Western Cape Community Safety MEC Albert Fritz has received a report from the Western cape Ombudsman JJ Brand looking into the poaching of abalone and including the complaint of poor response from police in this regard.
The report looked into the issues that are being experienced in the Gansbaai, Kleinmond, Hermanus and Stanford areas
MEC Fritz speaks to Kieno Kammies about the report which highlights the poor response of authorities.
The report completely substantiates our complaint that there is a huge inefficiency in the way the police operate, but also that there is a lack of resources in terms of policing, boots on the ground and vehicles.— Albert Fritz, Community Safety MEC - Western Cape Government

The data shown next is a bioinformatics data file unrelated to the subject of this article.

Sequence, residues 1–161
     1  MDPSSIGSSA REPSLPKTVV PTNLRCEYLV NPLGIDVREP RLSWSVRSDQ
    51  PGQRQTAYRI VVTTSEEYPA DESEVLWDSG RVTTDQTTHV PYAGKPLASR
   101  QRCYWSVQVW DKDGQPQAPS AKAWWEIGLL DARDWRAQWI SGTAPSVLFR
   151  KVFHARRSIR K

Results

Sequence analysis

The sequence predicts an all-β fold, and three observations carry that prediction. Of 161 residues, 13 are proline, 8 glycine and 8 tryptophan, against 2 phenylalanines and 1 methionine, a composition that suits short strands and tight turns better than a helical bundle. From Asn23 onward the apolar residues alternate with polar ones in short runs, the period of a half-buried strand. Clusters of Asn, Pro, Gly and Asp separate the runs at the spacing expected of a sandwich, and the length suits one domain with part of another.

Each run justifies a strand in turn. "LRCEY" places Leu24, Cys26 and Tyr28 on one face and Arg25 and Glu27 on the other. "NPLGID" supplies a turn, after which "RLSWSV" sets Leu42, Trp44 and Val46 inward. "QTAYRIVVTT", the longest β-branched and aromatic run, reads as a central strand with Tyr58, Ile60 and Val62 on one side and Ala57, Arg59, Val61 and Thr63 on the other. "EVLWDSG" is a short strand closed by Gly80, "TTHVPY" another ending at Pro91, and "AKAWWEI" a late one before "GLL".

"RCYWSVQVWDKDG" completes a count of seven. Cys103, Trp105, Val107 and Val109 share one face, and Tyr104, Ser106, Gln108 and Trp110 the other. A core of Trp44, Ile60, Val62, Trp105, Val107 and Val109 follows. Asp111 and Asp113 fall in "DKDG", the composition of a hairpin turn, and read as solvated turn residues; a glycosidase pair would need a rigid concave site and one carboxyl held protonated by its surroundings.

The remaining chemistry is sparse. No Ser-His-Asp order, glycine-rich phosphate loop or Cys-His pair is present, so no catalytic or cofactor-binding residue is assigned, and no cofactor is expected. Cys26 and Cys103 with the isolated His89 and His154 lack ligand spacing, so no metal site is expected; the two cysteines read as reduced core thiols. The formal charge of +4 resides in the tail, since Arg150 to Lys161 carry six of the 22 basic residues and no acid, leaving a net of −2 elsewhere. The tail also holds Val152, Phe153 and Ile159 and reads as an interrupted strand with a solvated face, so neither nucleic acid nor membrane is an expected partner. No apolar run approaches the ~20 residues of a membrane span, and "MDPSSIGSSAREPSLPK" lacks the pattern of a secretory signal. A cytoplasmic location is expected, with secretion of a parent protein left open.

The report on the Overberg area is a microcosm of the bigger problem in the province at large, he adds.
He says despite poaching playing an enormous role in that area, it is still only classified as a category B crime, despite it being part of serious organised crime in South Africa.
In that area, children are paid for poaching, and they are paid in the currency of drugs.— Albert Fritz, Community Safety MEC - Western Cape Government
He acknowledges the decline in fishing quotas has led local fishermen to resort to poaching, crime and drugs.
Many gangsters have left Cape Town and are living in the Overberg area, says Fritz.
He suggests an environmental court for the area to deal with the abalone cases and also change the poaching to a category A crime.
Listen to the interview below:
This article first appeared on CapeTalk : 'Children are paid for poaching, and they are paid in the currency of drugs'